I give Peter Osnos credit for not being as nutty as Richard Posner or as self-pitying as Dana Milbank; his piece from CJR on “WhatÃƒÆ’Â¢ÃƒÂ¢”Å¡Â¬ÃƒÂ¢”Å¾Â¢s a Fair Share In the Age of Google?” (7-8/09) is the most reasonable version I’ve seen of the news industry’s case against the search engine company. Still, I can’t help but think that he’s missing the point in a fundamental way.
One of Osnos’ key examples of the unfairness of Google involves Sports Illustrated‘s website, SI.com, and a story it ran (2/7/09) on pitcher Alex Rodriguez testing positive for steroids. Osnos relates SI.com‘s grievance: Though it broke the story, other websites got as much or more traffic from it:
Most galling was that the Huffington Post‘s use of an Associated Press version of SI‘s report was initially tops on Google, which meant that it, and not SI.com, tended to be the place readers clicking through to get the gist of the breaking scandal would land.
From a journalist’s perspective, this is patently unfair: SI.com got the scoop, and ought to get the reward. But is that the right perspective to look at what Google does? Journalists are not, after all, in the business of creating information; they’re in the business of conveying information. Sports Illustrated‘s reporters did not create Rodriguez’s failing steroid test results; Major League Baseball did that. People with access to the test information passed it on to SI, and SI put it up on the Web.
But that’s not where the process of information transmission stops. People can’t check every website that might break a news story of interest to them every day, so they rely on news gathering institutions to bring information together for them–that’s what newspapers do, that’s what AP does, and, yes, that’s what Huffington Post does too.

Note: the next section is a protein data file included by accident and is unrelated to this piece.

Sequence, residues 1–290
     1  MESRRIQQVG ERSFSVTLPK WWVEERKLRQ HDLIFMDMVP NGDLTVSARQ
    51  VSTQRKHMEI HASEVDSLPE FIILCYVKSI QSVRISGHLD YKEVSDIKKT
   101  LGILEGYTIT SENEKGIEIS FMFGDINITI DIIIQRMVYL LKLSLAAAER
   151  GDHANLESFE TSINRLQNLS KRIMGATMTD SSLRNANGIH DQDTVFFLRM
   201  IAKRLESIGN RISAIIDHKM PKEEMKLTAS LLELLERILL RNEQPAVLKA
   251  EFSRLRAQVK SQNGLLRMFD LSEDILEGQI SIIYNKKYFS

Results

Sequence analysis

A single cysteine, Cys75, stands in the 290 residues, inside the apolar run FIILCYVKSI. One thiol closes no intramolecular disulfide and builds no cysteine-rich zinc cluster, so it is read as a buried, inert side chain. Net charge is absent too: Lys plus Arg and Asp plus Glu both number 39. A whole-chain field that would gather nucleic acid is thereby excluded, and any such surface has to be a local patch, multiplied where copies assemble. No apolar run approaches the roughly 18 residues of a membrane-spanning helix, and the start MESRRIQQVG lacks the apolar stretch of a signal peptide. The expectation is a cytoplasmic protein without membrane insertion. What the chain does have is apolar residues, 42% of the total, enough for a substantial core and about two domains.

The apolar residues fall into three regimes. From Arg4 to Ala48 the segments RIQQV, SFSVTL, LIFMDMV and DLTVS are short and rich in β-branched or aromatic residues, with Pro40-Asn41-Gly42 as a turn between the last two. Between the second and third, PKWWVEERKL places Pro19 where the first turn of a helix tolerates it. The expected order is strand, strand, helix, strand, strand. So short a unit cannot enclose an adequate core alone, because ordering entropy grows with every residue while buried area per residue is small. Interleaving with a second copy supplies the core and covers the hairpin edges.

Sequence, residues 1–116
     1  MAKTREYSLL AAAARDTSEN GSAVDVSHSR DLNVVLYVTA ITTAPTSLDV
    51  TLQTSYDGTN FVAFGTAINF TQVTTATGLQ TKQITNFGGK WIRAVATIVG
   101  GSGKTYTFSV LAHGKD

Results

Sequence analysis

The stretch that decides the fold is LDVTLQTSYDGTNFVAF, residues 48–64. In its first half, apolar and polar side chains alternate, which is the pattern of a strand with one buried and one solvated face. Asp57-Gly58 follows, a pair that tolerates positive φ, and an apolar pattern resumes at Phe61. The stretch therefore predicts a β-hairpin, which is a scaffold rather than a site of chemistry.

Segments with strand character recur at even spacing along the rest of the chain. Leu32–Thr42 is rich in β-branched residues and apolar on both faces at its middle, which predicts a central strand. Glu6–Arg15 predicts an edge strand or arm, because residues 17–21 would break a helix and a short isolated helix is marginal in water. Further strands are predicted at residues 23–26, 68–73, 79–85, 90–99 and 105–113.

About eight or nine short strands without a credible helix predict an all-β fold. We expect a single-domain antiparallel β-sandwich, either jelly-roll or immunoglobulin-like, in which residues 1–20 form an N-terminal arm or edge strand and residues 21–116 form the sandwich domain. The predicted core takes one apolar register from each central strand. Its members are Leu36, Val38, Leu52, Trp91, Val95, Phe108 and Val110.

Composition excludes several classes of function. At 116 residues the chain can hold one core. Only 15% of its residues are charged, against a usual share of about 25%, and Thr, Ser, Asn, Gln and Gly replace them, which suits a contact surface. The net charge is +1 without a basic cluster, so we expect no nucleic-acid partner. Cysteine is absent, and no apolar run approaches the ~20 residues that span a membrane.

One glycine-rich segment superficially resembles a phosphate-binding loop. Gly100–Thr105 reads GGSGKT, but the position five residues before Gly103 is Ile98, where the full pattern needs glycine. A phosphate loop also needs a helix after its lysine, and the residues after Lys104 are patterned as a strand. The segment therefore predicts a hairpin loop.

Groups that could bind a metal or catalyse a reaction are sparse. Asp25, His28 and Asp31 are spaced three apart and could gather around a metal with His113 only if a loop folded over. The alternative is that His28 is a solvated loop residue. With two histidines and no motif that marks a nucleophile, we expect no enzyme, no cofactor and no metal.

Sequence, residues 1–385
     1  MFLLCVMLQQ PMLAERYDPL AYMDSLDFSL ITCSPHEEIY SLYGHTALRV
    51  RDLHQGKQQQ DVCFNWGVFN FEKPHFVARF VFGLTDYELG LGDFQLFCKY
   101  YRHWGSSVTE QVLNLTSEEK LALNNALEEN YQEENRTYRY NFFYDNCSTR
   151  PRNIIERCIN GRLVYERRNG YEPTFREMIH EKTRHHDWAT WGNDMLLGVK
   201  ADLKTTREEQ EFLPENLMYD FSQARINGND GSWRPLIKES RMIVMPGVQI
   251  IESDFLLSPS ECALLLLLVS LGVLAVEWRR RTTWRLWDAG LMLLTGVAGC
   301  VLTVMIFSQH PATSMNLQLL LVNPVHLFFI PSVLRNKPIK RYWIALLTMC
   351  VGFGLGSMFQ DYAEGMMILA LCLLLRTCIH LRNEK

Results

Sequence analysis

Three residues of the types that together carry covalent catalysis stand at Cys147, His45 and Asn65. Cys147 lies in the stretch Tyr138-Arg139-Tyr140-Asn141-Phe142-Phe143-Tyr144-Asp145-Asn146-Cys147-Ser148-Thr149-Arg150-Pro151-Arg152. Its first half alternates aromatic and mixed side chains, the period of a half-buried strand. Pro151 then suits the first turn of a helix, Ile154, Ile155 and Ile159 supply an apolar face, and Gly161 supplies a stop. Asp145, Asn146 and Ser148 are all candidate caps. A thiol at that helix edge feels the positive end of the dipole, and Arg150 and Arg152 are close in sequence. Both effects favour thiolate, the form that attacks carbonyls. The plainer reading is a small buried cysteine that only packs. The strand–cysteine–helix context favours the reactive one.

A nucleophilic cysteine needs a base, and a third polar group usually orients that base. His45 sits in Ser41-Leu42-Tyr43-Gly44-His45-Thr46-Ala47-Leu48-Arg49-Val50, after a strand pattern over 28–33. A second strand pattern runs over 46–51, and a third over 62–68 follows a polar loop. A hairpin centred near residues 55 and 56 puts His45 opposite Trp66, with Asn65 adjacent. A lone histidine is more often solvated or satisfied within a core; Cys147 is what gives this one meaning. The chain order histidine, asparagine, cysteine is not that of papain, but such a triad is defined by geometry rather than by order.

Osnos attributes the Google results to the fact that “Huffington is effective at implementing search optimization techniques, which means that its manipulation of keywords, search terms, and the dynamics of Web protocol give it an advantage over others scrambling to be the place readers are sent by search engines.” And it may well be that the folks at HuffPo are better at that stuff than SI is–though you’d think with the $84 billion entity of Time Warner behind them, the sports mag could afford to figure it out.
More important for HuffPo‘s search results, however, is the fact that people who use the Web have gotten used to looking for breaking news there, and so when they link to a story they find interesting they link to it there. Google‘s methodology, looking for links as a surrogate for how people use the Web, finds more of them going to Huffington Post than to SI.com–and that’s why HuffPo came out on top.
Osnos says that “human help” needs to be incorporated into Google‘s algorithm–given that the search engine last year announced that it had indexed more than 1 trillion urls, this suggestion would seem to be rather impractical. But it’s not clear that the human-free algorithm is making the wrong choice by directing Web surfers to the sites people most often go to when looking for information.